As the name GNU/Linux implies, there were two essential components to the movement. In 1991 Linus Torvalds, then a student, began the development of Linux. This was initially no more than a hobby for Linus but as more and more people became involved in the project it expanded into a worldwide cooperative effort until it became a mature and sophisticated operating system. However, Linux is strictly speaking just the kernel; to become useful to computer users at large, much more was needed, and this is where GNU entered the picture. It was the creation of Richard Stallman, a semi-reclusive individual whose dedication to the ideal of free software is almost religious in quality. The GNU project began formally in 1984 and was to provide a number of the essential programs needed to complement Linux.
Moody has written a readable and very interesting account of how the open source movement has developed up to the present from its rather improbable beginnings. His account is fleshed out with pen portraits of the principal participants, which helps to bring the story to life. The sheer number of acronyms does become somewhat overwhelming after a time; fortunately there is a good index, but it would have been useful if a glossary of acronyms had been included for quick reference.
One thing that emerges clearly from this book is the ethical aspect of the free software enterprise; it is concerned with that old-fashioned concept, the public good. Idealism has been a major motivation for most of those who have taken part in it. For Stallman in particular, free software is simply one aspect of a wider goal: the establishment of a free society. At the same time, a number of large companies, including IBM, Netscape, and Hewlett Packard have come to see that free software and business are not necessarily mutually incompatible and are incorporating GNU/Linux into their setups in various ways. These developments have altered both GNU/Linux and commerce in various ways, mostly for the better. Linus himself has taken a job with a commercial company, though without ceasing to head the Linux kernel enterprise. The most prominent company marketing GNU/Linux, Red Hat, has been criticized by some who have called it the Linux Microsoft, but Moody regards this as unfair. However, the most rigorously 'free' distribution remains Debian (my own favourite).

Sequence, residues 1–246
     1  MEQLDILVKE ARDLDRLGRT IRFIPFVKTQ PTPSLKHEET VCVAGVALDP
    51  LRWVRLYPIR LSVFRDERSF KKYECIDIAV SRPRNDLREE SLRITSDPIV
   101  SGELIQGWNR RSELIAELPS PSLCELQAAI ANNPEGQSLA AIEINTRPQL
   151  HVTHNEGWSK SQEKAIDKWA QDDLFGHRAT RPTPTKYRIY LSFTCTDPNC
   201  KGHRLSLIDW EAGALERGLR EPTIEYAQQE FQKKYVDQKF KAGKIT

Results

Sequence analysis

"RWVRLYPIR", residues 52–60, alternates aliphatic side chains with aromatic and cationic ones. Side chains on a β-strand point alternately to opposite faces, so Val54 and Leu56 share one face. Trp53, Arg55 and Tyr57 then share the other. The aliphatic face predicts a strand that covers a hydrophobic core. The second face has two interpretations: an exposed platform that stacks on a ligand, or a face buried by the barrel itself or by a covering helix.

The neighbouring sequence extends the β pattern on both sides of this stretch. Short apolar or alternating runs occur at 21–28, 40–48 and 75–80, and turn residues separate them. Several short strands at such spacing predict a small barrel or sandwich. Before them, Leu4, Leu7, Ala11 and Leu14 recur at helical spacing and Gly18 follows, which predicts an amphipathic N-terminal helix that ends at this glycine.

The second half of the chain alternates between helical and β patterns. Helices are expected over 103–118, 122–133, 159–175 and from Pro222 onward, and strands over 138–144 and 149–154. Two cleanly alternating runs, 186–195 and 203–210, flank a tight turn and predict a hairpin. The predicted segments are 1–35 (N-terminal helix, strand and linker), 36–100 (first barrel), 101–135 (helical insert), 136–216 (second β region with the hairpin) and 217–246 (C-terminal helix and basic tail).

Moody is cautiously optimistic about the future of the free software movement. GNU/Linux is making remarkable headway in countries outside the USA and Europe, notably in China, India, and Mexico. It is also finding applications outside the desktop. There are, of course, dangers to be faced. Microsoft is naturally fighting back (and fighting dirty), and is attempting to take over the Web in the same way that it has taken over the desktop. There is a potential threat here to freedom of choice for the individual, as an article by Lee Dembart in the International Herald Tribune points out (16 July 2001). Legislation is one defence against this, and is the solution advocated by Dembart; free software is another.
Perhaps the most remarkable thing about GNU/Linux is that it demonstrates how a quite informal network of independent individuals can cooperate effectively to produce a complex enterprise that works effectively and is better than the competition. Much of the success is undoubtedly due to Linus himself, who possesses exactly the right kind of leadership qualities for an undertaking of this kind. It may well be that the free software movement will serve as a model for how business will develop in the twenty-first century. Let's hope so.
"In the end, GNU/Linux and the open source projects are not about software code only. As this book has described they are also about freedom, sharing and community; they are about creation, beauty, and what hackers calle "fun"—though joy would be nearer the mark. They are about the code within that is at the root of all that is best in us, that rebels against the worst, and that will exist as long as humanity endures."